When Sigmund Freud Sent Theodor Herzl Fan Mail

Aug. 17 2022

On September 28, 1902, the psychologist Sigmund Freud wrote a letter to the founder of modern Zionism, Theodor Herzl, which was recently found in the Central Zionist Archive. Itamar Eichner writes:

The letter was written in German, [both men’s mother tongue], and in it, Freud recommends Herzl read his book The Interpretation of Dreams. Herzl and Freud lived on the same street in Vienna for many years, but never met in person. Freud, nevertheless, is said to have been an avid reader of Herzl’s pieces published in the Neue Freie Presse, a paper where the latter worked in as an editor. Freud also expressed interest in the World Zionist Congress, established in 1897 as the supreme organ of the Zionist Organization.

In 1898, Freud also apparently attended a play written by Herzl. However, the 1902 letter was the only recorded attempt made by the founder of psychoanalysis to contact Herzl.

In the letter, Freud wrote: “Esteemed Dr., following a recommendation of your colleague, the editor Mr. M., I’ve allowed myself to send you a copy of my book, published in 1900, about interpretations of dreams, as well as a short lecture on the subject. I don’t know if you’ll agree with Mr. M., but I beg you, keep it as a sign of my appreciation towards you, which I’ve felt—like many others—for the poet and fighter for our people’s human rights. With regards, Prof. Doc. Freud.”

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Read more at Ynet

More about: Austrian Jewry, Sigmund Freud, Theodor Herzl, Vienna

 

How the Death of Mahsa Amini Changed Iran—and Its Western Apologists

Sept. 28 2022

On September 16, a twenty-two-year-old named Mahsa Amini was arrested by the Iranian morality police for improperly wearing a hijab. Her death in custody three days later, evidently after being severely beaten, sparked waves of intense protests throughout the country. Since then, the Iranian authorities have killed dozens more in trying to quell the unrest. Nervana Mahmoud comments on how Amini’s death has been felt inside and outside of the Islamic Republic:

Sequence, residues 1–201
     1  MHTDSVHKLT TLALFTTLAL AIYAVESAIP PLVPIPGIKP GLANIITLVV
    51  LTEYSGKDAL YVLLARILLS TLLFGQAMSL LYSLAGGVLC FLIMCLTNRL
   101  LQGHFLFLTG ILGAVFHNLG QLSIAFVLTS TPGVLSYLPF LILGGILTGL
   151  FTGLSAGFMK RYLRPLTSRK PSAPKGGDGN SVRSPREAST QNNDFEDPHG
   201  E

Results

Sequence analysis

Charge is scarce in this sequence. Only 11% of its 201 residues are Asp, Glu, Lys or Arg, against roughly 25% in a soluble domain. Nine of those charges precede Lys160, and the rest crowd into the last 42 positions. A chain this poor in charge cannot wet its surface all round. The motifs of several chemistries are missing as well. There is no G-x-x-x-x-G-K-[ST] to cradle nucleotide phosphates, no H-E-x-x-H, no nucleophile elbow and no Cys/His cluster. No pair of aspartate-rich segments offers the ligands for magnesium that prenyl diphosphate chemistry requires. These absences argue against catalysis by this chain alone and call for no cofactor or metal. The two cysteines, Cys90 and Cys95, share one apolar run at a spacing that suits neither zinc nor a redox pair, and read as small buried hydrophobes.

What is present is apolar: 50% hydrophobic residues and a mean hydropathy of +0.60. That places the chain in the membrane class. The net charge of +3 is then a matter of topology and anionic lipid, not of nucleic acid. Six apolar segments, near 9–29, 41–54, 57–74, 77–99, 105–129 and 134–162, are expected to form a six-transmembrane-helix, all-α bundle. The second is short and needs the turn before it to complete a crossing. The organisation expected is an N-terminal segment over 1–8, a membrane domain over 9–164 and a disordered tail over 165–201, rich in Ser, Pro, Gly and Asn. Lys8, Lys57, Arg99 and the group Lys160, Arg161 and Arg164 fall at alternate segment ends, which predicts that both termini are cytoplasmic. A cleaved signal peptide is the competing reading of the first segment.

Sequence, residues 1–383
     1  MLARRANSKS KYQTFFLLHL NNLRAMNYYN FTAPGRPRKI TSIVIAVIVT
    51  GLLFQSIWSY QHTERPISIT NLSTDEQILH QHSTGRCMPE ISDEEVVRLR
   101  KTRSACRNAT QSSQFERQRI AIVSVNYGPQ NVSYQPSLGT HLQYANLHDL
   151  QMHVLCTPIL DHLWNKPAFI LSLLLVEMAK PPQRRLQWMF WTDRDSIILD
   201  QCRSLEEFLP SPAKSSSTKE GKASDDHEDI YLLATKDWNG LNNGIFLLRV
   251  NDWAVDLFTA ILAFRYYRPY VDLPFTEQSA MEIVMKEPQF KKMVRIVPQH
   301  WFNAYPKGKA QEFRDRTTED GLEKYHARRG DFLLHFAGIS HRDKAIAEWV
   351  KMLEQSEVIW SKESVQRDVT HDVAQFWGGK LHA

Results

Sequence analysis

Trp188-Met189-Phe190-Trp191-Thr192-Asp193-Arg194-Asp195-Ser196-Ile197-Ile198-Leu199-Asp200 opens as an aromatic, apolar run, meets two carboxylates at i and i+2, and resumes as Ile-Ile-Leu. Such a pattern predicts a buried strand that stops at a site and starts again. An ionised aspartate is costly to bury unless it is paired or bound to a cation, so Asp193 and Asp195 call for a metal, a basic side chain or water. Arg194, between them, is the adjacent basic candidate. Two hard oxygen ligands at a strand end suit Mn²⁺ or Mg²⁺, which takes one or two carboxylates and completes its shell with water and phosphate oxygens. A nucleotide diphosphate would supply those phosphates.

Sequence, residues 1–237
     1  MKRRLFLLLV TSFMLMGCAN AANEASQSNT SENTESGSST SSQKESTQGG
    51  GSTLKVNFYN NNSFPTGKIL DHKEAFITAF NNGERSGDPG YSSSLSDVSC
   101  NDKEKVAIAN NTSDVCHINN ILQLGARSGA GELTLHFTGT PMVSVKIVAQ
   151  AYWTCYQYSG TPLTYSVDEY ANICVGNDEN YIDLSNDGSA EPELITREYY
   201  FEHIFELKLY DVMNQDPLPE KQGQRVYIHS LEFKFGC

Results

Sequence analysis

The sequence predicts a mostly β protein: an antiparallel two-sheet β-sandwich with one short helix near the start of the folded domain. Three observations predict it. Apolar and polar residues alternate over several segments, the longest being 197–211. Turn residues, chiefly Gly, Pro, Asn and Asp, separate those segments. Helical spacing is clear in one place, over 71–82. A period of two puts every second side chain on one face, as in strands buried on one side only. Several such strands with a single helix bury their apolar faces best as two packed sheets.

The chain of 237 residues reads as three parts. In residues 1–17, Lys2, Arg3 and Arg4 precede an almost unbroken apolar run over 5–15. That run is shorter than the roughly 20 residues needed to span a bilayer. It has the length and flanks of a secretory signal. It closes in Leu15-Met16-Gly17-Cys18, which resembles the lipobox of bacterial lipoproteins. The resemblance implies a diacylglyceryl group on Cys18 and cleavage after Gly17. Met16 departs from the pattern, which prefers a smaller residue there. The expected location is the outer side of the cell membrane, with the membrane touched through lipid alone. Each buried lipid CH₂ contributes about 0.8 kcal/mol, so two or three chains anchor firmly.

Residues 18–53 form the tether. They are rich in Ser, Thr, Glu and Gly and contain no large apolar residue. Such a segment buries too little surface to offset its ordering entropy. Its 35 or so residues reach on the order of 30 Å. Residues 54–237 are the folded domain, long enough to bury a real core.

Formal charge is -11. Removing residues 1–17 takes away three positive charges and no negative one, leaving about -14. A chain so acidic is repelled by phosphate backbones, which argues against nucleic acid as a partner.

[I]n Western countries, the glamorizing of the hijab has been going on for decades. Even Playboy magazine published an article about the first “hijabi” news anchor in American TV history. Meanwhile, questioning the hijab’s authenticity and enforcement has been framed as “Islamophobia.” . . . But the death of Mahsa Amini has changed everything.

Commentators who downplayed the impact of enforced hijab have changed their tune. [Last week], CNN’s Christiane Amanpour declined an interview with the Iranian president Ebrahim Raisi, and the Biden administration imposed sanctions on Iran’s notorious morality police and senior officials for the violence carried out against protesters and for the death of Mahsa Amini.

The visual impact of the scenes in Iran has extended to the Arab world too. Arabic media outlets have felt the winds of change. The death of Mahsa Amini and the resulting protests in Iran are now top headlines, with Arab audiences watching daily as Iranian women from all age groups remove their hijabs and challenge the regime policy.

Iranian women are making history. They are teaching the world—including the Muslim world—about the glaring difference between opting to wear the hijab and being forced to wear it, whether by law or due to social pressure and mental bullying. Finally, non-hijabi women are not afraid to defy, proudly, their Islamist oppressors.

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Read more at Nervana

More about: Arab World, Iran, Women in Islam